According to a recent report, Microsoft is going to give its Skype video calling app a new avatar called Skype Teams that will put it in direct competition with Slack, one of the world’s most popular team collaboration apps. Slack is essentially a chat tool with file-sharing capabilities that integrates with other apps to give robust functionality.
Until now, Skype has only popular for its video conferencing capability, which Slack does not yet have. With Skype Teams, small and large companies will be able to leverage the power of Skype as well as collaborate on projects, share notes, distribute files, apply security restrictions and effectively create closed groups that can work together completely online. The user interface for Skype Teams will almost exactly mirror the functionality on Slack, and this is likely intended to attract Slack users into Microsoft’s fold.
It’s extremely useful for today’s workforce, which is often distributed around the world. Virtual teams are becoming more popular as online job sites such as Upwork and Freelancer.com attract companies that want to hire remote employees from countries like the Philippines and India. In such countries, there is a vast surplus of skilled workers in areas such as technical support, virtual secretarial services, customer service, sales, accounting and so on.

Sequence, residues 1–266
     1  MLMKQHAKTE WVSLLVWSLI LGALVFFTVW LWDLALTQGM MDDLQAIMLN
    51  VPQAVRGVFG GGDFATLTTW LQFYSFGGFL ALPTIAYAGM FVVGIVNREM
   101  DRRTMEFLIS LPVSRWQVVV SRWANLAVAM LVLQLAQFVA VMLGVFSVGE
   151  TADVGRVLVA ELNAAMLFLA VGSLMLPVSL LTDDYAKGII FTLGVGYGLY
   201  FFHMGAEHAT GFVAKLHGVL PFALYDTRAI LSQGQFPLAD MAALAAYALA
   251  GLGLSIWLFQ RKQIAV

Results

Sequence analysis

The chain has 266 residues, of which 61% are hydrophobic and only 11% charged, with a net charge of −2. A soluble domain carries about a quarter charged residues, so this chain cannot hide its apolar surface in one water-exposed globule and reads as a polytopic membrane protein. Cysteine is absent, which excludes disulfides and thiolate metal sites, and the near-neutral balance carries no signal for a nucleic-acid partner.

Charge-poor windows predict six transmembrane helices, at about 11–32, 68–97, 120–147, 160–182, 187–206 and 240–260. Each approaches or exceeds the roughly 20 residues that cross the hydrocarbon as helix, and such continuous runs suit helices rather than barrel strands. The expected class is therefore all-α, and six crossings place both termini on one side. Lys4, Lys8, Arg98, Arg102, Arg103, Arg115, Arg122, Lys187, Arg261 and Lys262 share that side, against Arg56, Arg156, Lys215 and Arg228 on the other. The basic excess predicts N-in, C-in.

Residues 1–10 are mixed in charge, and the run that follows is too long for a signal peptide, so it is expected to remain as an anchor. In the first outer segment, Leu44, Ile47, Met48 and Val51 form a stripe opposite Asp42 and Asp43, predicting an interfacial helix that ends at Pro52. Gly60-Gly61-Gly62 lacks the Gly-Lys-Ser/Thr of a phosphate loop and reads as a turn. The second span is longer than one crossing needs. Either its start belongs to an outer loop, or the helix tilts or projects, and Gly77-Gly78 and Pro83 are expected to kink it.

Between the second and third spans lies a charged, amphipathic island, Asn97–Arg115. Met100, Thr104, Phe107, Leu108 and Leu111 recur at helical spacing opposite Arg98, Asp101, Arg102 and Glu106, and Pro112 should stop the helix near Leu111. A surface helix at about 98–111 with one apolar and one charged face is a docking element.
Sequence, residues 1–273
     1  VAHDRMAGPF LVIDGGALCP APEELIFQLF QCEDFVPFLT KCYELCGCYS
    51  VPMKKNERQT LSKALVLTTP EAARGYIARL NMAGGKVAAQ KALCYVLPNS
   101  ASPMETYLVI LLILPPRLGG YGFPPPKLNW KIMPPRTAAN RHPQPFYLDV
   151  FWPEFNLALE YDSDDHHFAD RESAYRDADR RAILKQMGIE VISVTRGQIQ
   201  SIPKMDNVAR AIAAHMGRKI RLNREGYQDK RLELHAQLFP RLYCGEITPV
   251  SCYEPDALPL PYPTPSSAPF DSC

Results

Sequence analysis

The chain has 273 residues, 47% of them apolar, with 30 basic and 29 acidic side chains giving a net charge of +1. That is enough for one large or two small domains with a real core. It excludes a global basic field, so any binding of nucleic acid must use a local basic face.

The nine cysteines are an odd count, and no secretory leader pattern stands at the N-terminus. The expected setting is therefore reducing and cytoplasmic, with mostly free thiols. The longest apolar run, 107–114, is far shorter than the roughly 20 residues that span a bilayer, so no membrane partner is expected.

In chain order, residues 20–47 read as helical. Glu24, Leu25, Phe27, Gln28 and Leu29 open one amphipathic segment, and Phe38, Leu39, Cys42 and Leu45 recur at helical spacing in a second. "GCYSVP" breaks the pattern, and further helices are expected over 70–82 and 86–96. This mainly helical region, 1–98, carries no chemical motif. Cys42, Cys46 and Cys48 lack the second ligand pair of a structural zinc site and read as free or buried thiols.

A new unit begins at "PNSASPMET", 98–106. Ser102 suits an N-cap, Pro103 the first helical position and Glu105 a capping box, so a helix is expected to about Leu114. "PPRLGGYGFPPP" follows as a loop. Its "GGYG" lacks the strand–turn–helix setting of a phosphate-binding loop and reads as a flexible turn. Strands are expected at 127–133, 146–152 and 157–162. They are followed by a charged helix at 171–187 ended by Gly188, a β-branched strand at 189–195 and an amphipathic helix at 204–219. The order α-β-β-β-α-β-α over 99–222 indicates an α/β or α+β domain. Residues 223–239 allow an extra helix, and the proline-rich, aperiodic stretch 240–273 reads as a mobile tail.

With Skype Teams, businesses will now have a solid alternative to Slack, which, as I said, doesn’t yet have the video and voice calling capabilities that Skype is famous for.
What’s interesting about this announcement is that Microsoft is gaining momentum in the enterprise space with applications served on the cloud, like Office 365, for instance. As businesses gravitate towards Microsoft’s as-a-service model of offering nearly everything on a subscription basis, the company is creating all the tools required for a business to operate efficiently over the web. In addition to Windows 10 commercial subscriptions, Microsoft also offers apps like Stream for closed-group video-sharing, Skype for Business and many others. Skype Teams will now be the newest member of that family, and users can easily add whatever services they need to their Microsoft bundle.
At the end of the day, it is the convenience of having everything under one umbrella that will see Microsoft making significant gains in the business world. They already offer Azure, their cloud computing service, to businesses that want to move their IT infrastructure off-premises, and this is the direction the company has chosen for its future.
Microsoft’s multi-device capable Windows 10 operating system, along with a plethora of cloud-based services, now form a robust ecosystem where users can pick and choose the services that will make them more productive and tech-capable.
I call this Microsoft-as-a-Service, and it is clear that every new product or service that the company releases henceforth will be designed to either be a part of that ecosystem or integrate seamlessly with it, whether that’s the HoloLens, the Surface range of products or the newly announced Skype Teams.
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